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Toward a surgical PACS


The evolution of technology reshapes the practice of medicine. Imaging replaces guesswork with facts. But not all the time. The presence of imaging technology is widely felt in diagnostics but hardly so in therapeutics.

The evolution of technology reshapes the practice of medicine. Imaging replaces guesswork with facts. But not all the time. The presence of imaging technology is widely felt in diagnostics but hardly so in therapeutics.

Imaging technology has branched into radiation therapy, certainly. It is making inroads into minimally invasive surgery. Radiographic and sonographic guidance is a staple of many procedures. But for the most part, surgery is done with precious little input from the imaging equipment we now have at hand, despite more than a decade of opportunity.

Twelve years ago, I witnessed brain surgery close up for the first time. The opening of the scalp, the sawing of the skull opened a tiny window on a living brain. Immersed in that tissue was a tumor that surgeons wanted to scoop out with a tiny, spoonlike scalpel. They wouldn't actually see the tumor, I was told, because it was well beneath the surface of the brain. And that was where it got interesting.

In the many such operations done before I witnessed this one, the doctors screwed a stereotactic frame into the skull, calibrating this frame with reference points contained in an atlas of the brain. They looked at MR or CT images to figure the location of the patient's tumor in relation to those reference points. And then, hooking their surgical instruments to the frame, they dug out the tumor.

This time was different, however. The surgeons were using a new kind of instrument. The "Viewing Wand," as it was called, created a virtual 3D model of the brain and plotted updated positions of the scalpel as the surgeon moved it to and from the tumor. The Wand was built by a company (ISG Technologies), since renamed (Cedara Software), that a few weeks ago combined with Merge eFilm, which desired the company primarily for its PACS and visualization software - not its long-lost neuronavigational skills. The Wand, you see, was way ahead of its time.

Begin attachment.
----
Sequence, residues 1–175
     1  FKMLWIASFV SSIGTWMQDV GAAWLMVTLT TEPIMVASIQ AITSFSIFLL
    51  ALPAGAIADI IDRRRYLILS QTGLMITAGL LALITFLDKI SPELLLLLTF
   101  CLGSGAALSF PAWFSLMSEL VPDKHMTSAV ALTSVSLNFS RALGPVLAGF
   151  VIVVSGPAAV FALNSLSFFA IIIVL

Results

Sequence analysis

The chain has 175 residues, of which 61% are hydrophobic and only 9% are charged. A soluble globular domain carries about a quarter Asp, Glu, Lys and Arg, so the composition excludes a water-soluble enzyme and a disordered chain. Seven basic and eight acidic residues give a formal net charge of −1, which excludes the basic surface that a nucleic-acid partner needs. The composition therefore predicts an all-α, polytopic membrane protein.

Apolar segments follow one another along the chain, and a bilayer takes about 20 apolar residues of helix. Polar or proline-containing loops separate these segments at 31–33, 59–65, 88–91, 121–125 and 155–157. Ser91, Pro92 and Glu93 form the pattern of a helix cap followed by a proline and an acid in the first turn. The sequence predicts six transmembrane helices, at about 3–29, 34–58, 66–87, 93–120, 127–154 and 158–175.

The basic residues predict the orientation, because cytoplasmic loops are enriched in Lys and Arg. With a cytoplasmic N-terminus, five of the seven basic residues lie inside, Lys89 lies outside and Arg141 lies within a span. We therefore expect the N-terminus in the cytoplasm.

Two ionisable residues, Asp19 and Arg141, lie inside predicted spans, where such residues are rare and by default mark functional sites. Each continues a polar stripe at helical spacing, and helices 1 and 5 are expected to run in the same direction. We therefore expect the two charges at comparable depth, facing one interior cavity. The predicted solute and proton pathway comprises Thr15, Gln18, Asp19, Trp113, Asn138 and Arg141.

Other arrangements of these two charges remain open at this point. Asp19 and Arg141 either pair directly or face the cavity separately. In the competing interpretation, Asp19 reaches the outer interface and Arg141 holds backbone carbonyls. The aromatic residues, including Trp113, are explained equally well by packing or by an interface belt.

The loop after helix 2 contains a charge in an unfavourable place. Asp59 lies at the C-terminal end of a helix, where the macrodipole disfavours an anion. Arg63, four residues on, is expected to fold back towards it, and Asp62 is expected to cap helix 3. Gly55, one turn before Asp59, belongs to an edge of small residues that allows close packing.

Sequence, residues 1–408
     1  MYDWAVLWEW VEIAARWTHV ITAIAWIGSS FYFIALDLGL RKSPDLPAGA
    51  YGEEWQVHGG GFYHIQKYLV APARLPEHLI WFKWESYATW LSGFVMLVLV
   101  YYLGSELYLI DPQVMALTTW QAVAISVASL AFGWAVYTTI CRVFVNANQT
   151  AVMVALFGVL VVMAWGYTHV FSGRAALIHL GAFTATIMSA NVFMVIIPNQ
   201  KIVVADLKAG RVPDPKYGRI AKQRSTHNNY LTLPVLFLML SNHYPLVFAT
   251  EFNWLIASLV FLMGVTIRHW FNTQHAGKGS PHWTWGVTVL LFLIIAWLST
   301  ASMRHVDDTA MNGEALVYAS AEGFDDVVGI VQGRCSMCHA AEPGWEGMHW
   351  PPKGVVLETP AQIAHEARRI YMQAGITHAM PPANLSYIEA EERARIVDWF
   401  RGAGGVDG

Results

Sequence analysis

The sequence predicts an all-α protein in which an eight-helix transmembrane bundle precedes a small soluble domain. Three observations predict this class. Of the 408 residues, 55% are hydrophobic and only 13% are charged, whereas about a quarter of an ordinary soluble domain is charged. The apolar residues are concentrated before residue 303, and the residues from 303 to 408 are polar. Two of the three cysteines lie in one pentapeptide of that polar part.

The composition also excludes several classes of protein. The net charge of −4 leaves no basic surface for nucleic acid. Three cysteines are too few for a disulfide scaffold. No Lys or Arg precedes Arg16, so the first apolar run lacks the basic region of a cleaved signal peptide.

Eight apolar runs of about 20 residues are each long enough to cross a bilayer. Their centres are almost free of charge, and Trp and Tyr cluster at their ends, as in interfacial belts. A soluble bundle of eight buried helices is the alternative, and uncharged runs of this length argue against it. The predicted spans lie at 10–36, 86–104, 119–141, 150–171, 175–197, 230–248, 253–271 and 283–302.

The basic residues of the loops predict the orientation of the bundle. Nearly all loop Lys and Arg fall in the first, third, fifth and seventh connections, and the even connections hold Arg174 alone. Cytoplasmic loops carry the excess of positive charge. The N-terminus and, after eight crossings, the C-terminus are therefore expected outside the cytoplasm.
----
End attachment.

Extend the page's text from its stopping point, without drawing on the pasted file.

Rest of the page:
Some successors to the Viewing Wand are in use today. Some surgical teams make use of computerized preplanning aids. But, more than a decade after this groundbreaking surgery, most brain surgery still depends largely on the surgeon's motor skills and mind's eye reconstruction of brain scans during the operation.

Nowhere in medicine is there a greater dependence on art than in surgery. Yet, aside from some very high profile exceptions, the digital imaging revolution has been kept outside the door of the OR.

Some visionaries, seeking to change this, have called for the development of a surgical PACS designed specifically to help in surgical planning, intraoperative navigation, and postsurgical assessment. Considering the development of cardiology PACS and orthopedic PACS, not to mention the miniPACS built for CR/DR and ultrasound, such a development would seem to be - if you'll pardon the expression - a no-brainer. But I fear it will fare no better than the Viewing Wand did a dozen years ago, unless the surgical community champions it.

Someone needs to look hard at all the disparate technologies assembled in the typical operating suite, work with the surgeons who must struggle with this chaos, and come up with a plan for uniting these under one information umbrella, tying in the processes involved with planning, patient monitoring, intervention, and assessment. Information technology has earned a certain appeal in healthcare, based on a recognition that the precision and speed possible with computers are needed to draw medical practice into the 21st century. Bringing surgeons into the digital fold is long overdue. Development of a surgical PACS could be a critical first step in that direction.

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